In June of 1976, Britain again accepted the expansion, thus decimating its northern fishing industry. In 2012, it issued a multi-pound compensation and apology to the fisherman who lost their livelihood.

August 31, 1939: Nazis Stage Attack on Own Radio Station

On this day in 1939, German agents dressed in Polish uniforms staged an attack on a radio station in Gleiwitz, Germany (now Gilwice, Poland). This incident on the eve of World War II was designed to fuel tensions between the two countries and justify an invasion.

Plaque Commemorating Gleiwitz AttackOn this day in 1939, German agents dressed in Polish uniforms staged an attack on a radio station in Gleiwitz, Germany (now Gilwice, Poland). This incident on the eve of World War II was designed to fuel tensions between the two countries and justify an invasion.

In the weeks prior, Germany had been laying the groundwork for invading. Adolf Hitler had told League of Nations High Commissioner on August 11, “If there’s the slightest provocation, I shall shatter Poland without warning into so many pieces that there will be nothing left to pick up.” On August 23, Germany and the Soviet Union signed their pact on the takeover of Poland. Now all they needed was a “reason.”

The faux Polish rebels entered the radio station around 8:00 pm and assaulted three of its employees. Unable to find the main channel, they broadcast their anti-German messages over an emergency one. And to add another level of realism, they brought in Franciszek Honiok, a Polish sympathizer arrested the previous day, killed him by lethal injection and then shot him to make it appear as if one of the rebels had been killed.

It’s uncertain how many Germans actually heard broadcast. However, a German radio station reported the “attack” at 10:30 pm that night, and then the BBC did. The New York Times reported it the next day.

As the German military invaded Poland in the early morning hours of September 1, the propaganda groundwork had been laid. It would not be until 1946, when attack organizer Alfred Naujocks testified at the Nuremburg Trials, that the world knew what really happened.

August 23, 1944: Romania Switches Sides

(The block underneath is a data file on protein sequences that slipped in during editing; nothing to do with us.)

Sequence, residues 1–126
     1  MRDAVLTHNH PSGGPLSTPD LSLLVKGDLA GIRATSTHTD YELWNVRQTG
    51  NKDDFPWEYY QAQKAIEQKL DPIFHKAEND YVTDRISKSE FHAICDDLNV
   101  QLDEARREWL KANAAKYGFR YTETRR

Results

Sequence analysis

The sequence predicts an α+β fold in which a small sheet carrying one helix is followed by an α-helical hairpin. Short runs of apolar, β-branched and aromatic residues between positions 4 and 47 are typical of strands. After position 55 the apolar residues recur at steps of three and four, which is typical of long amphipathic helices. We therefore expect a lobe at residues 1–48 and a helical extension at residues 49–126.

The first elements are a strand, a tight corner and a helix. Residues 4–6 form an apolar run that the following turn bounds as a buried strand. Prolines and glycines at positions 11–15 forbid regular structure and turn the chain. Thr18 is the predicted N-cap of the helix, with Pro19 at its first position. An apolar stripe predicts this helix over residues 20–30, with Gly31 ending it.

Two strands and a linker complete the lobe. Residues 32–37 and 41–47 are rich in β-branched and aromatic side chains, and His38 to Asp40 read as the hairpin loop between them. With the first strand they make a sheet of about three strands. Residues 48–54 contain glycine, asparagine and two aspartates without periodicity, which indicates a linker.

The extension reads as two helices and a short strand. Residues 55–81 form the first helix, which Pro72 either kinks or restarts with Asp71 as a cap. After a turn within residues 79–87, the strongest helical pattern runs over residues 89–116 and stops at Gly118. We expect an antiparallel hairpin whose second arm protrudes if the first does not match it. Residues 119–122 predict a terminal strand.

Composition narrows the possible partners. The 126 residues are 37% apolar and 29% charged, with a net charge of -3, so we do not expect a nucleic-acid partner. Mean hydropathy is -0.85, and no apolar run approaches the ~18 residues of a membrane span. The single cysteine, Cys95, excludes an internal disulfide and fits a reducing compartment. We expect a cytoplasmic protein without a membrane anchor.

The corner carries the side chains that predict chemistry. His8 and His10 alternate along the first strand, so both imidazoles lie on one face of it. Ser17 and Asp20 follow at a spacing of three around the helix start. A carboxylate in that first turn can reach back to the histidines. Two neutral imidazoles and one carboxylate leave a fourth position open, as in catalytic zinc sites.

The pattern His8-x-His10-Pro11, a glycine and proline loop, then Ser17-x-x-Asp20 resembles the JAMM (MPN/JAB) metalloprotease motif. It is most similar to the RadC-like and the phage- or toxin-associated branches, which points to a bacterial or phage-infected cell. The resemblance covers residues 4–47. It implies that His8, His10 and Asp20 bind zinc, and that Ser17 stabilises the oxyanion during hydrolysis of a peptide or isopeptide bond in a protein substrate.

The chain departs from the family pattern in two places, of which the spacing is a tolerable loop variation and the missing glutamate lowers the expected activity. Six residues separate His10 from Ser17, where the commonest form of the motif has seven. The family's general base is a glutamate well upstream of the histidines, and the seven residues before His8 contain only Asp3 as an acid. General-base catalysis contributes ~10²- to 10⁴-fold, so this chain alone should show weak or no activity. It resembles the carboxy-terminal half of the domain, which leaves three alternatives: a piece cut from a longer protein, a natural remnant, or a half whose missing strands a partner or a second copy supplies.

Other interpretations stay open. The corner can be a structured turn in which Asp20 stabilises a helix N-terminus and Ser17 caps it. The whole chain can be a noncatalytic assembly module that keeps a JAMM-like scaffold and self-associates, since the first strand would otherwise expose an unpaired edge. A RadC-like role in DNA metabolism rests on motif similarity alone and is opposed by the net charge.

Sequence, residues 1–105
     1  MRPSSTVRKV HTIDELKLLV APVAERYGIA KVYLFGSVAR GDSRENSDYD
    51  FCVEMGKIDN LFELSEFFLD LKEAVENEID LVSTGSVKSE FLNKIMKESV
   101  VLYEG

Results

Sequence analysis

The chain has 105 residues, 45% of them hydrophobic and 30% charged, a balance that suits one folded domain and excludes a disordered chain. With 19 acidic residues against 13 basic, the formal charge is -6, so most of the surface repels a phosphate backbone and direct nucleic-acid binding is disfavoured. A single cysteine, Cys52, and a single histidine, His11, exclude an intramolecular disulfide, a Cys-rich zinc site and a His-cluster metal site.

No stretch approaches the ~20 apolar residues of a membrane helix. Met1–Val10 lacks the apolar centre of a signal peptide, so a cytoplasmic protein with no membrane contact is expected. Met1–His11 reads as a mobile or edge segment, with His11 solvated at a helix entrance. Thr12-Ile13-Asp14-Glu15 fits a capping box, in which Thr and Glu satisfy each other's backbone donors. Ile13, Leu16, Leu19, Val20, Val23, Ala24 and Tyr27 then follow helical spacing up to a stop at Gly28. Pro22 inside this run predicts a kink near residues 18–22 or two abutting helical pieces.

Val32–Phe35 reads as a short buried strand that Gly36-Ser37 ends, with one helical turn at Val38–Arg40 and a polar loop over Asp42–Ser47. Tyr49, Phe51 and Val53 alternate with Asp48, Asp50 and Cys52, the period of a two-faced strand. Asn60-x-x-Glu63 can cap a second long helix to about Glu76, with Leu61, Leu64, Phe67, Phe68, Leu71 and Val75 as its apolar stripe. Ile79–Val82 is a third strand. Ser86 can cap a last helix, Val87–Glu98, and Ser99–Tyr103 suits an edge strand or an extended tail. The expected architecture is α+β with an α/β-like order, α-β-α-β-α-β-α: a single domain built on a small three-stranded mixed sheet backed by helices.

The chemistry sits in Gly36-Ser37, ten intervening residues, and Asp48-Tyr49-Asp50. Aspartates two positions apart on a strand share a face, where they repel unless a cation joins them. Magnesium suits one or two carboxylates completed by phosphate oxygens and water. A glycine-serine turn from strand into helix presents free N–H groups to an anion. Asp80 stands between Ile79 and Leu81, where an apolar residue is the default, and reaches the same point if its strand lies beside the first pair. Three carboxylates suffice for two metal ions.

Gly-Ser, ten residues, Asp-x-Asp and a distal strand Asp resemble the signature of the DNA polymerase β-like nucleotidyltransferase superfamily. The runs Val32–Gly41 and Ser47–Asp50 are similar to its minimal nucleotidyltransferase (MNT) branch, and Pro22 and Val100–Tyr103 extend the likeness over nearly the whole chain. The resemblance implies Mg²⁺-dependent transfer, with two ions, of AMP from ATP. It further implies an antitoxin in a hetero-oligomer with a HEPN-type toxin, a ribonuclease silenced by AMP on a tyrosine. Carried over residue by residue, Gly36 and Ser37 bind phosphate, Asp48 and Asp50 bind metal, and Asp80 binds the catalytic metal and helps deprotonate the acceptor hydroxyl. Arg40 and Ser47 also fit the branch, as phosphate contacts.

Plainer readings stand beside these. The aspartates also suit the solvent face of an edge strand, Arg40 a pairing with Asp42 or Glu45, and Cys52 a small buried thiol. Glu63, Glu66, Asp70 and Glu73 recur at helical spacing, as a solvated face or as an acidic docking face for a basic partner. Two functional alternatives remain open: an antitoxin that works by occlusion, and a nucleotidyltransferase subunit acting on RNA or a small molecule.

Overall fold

On this day in 1944, Romania switched its alliance from the Axis Powers to the Allies. Some historians estimate that the change, thanks to a coup led by King Michael I, shortened World War II by at least six months.

King Michael IOn this day in 1944, Romania switched its alliance from the Axis Powers to the Allies.  Some historians estimate that the change, thanks to a coup led by King Michael I, shortened World War II by at least six months.

The monarchy had basically ruled Romania from 1881 until 1940, when Defense Minister Ion Victor Antonescu seized power and forged an alliance with Nazi Germany. Under Antonescu, Romania participated in the Axis invasion of the Soviet Union and assisted in the Holocaust.

By 1944, the Soviets were pushing the Axis powers back and on the borders of Romania. However, Antonescu would not budge, so Michael I, the last King of Romania and a great-great-grandson of Queen Victoria, conspired with Romania’s communist party to stage coup against him. Antonescu was removed from power and Romanian forged an alliance with the Soviets. The 22-year-old Michael had been serving as King, but mainly in a figurehead capacity prior to the switch.

The change allowed the Soviet Army to speed through Romania on its way to Germany. Once the war ended, and a communist regime was in place, Michael again found himself serving as a figurehead, and left the country in 1947. He did not return again until 1992. Antonescu was tried and executed in June of 1946.

August 22, 1911: “Mona Lisa” Stolen

On this day in 1911, the “Mona Lisa” was reported stolen from the Louvre in Paris. The theft made Leonardo Da Vinci’s masterpiece the most famous painting in the world.

Mona LisaOn this day in 1911, the “Mona Lisa” was reported stolen from the Louvre in Paris. The theft made Leonardo Da Vinci’s masterpiece the most famous painting in the world.

It was actually stolen the previous morning by three men who had spent the night in the art supply closest. However, the crime was so unfathomable that the museum did not even notice the four bare hooks where the painting hung until the next morning.

Prior to the theft, the “Mona Lisa,” which Da Vinci completed in 1507, was virtually unknown outside of the small world of art aficionados. The stolen painting forced the Louvre to close for a week, required French authorities to assign 60 detectives to the case and created an international incident. Numerous high-profile individuals, including J.P. Morgan and Pablo Picasso, were questioned.

In November of 1913, Vincenzo Peruggia, a 32-year-old Italian who lived in Paris and the ringleader of the theft, attempted to sell the “Mona Lisa” to an art dealer in Florence. He was arrested, and served eight months in prison.

The “Mona Lisa” returned to the Louvre with a fascination and appreciation from the world that not other painting has ever experienced.

August 13, 1962: Vatican and Russian Orthodox Church Sign Metz Accord

On this day in 1962, the Vatican and Russian Orthodox Church signed the Metz Accord, in Metz, France. This secret agreement allowed for the Russian Church to send observers to the Second Vatican Council in exchange for the Catholic Church not condemning the Soviet Union’s atheistic communism.